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that the English companies which had been lending money to the Mexican grantees desired to have the land worked or otherwise utilized. He knew the lands, and what they would produce, provided the water supply was assured, and was enough of an engineer to ascertain that by making the wells deeper and installing pumps he could have an unlimited supply. He put up his proposition to some bankers who knew his ability and honesty. With this assistance, he contracted for 30,000 head of cattle to be delivered the following spring. At the same time, he began buying up all the land he could get from the descendants of the Mexican grantees, making small cash payments, the balance on long time which was handled through loan companies. He had faith in the country. The water was there, all the time, and its lack was due to the inefficient methods of the Mexicans. In time, Mr. Lasater became owner of 360,000 acres in Duval, Brooks and Willacy counties, comprising now the Lasater ranch, known as "La Mota," at Falfurrias. "Falfurrias" (the name given by the Lipan Indians to a tree-crested motte or knoll and translated means "Heart's Desire") is a prosperous and thriving little town of 2,500 people, many of them Mexicans. Before the coming of the railroad in 1906 it was a cattle ranch less than 200 people occupying the adjacent 400,000 acres. Now it has modern schools, churches, city conveniences, an empty jail, the finest creamery in the South and many modern homes. The palm trees and orange groves and balmy atmosphere strongly suggest California. But this was far from the condition of the country a few years ago when Ed Lasater first dreamed of establishing a great dairy industry and the largest and finest herd of pure bred Jerseys in the world.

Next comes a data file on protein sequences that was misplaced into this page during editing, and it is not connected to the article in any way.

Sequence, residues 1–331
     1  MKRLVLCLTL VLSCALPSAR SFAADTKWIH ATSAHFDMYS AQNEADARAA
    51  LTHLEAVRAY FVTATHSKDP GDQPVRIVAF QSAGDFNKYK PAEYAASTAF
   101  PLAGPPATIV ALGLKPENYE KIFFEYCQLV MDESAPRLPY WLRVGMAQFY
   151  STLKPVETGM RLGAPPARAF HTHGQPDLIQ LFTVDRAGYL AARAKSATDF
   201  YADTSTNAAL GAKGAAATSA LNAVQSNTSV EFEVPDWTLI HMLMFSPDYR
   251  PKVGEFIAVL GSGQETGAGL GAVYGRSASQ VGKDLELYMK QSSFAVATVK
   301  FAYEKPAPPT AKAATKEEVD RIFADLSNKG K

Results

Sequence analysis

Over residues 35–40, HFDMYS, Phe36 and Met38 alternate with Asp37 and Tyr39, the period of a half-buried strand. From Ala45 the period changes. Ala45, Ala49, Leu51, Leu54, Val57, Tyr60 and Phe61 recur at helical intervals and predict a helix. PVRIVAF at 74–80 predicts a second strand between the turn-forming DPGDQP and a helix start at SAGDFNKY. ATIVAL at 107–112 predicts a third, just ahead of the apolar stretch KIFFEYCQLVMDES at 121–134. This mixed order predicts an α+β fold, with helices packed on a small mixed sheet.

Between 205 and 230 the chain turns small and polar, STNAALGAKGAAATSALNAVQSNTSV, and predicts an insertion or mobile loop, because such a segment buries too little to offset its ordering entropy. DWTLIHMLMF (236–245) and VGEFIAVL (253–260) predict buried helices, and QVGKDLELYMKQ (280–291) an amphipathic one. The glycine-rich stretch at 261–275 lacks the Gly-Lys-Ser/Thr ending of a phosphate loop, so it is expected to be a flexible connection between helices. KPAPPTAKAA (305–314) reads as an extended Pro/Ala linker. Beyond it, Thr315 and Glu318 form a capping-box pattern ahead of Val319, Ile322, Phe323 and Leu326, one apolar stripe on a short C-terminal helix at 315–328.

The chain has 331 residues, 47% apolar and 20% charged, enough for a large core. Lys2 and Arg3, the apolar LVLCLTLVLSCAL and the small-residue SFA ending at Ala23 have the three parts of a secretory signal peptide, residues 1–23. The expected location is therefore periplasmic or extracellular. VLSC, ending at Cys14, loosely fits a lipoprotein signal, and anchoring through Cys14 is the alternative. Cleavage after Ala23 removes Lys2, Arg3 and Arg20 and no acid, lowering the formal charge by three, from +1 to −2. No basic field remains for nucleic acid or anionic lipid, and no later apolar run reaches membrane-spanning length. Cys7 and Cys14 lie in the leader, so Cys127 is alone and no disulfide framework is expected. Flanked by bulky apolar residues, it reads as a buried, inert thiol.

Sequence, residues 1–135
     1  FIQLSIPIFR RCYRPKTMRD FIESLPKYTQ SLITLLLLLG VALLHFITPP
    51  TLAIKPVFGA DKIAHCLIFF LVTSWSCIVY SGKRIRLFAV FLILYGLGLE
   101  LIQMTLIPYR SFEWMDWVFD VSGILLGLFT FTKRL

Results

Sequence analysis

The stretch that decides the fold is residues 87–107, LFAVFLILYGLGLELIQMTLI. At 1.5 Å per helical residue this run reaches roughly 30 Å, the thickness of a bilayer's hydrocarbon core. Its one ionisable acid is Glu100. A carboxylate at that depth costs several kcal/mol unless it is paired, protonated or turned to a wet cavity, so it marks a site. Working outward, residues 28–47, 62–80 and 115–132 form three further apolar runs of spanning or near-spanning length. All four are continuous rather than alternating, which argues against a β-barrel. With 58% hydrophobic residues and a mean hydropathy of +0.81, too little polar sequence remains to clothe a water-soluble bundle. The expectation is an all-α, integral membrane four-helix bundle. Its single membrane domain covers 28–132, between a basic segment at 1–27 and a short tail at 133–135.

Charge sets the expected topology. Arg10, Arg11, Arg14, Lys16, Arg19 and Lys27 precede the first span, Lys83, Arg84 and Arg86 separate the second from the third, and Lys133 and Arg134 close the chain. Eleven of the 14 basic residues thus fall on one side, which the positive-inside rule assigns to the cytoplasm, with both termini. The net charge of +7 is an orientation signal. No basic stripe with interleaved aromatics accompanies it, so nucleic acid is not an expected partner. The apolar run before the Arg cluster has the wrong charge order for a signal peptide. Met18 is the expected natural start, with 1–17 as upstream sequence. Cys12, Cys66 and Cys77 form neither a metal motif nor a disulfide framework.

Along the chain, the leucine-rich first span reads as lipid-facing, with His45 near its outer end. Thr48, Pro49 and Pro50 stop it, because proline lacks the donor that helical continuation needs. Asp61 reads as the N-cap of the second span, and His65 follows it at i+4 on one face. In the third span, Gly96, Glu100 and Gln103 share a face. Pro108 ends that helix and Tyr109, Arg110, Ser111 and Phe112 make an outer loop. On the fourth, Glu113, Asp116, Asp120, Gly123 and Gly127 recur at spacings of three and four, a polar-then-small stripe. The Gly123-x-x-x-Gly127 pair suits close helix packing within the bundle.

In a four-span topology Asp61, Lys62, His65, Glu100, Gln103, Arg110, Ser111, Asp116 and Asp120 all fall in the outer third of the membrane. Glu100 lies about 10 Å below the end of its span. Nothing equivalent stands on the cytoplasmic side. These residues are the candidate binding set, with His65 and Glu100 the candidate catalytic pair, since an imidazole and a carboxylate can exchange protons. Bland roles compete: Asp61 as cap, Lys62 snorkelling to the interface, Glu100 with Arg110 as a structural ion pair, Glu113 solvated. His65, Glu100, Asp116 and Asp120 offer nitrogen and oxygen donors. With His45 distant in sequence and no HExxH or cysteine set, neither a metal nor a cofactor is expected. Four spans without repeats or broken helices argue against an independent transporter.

Since 1906 Mr. Lasater has sold to actual settlers and farmers 60,000 acres of his original ranch tract of 360,000 acres. This would probably represent five hundred families, or 2,500 people— thrifty and industrious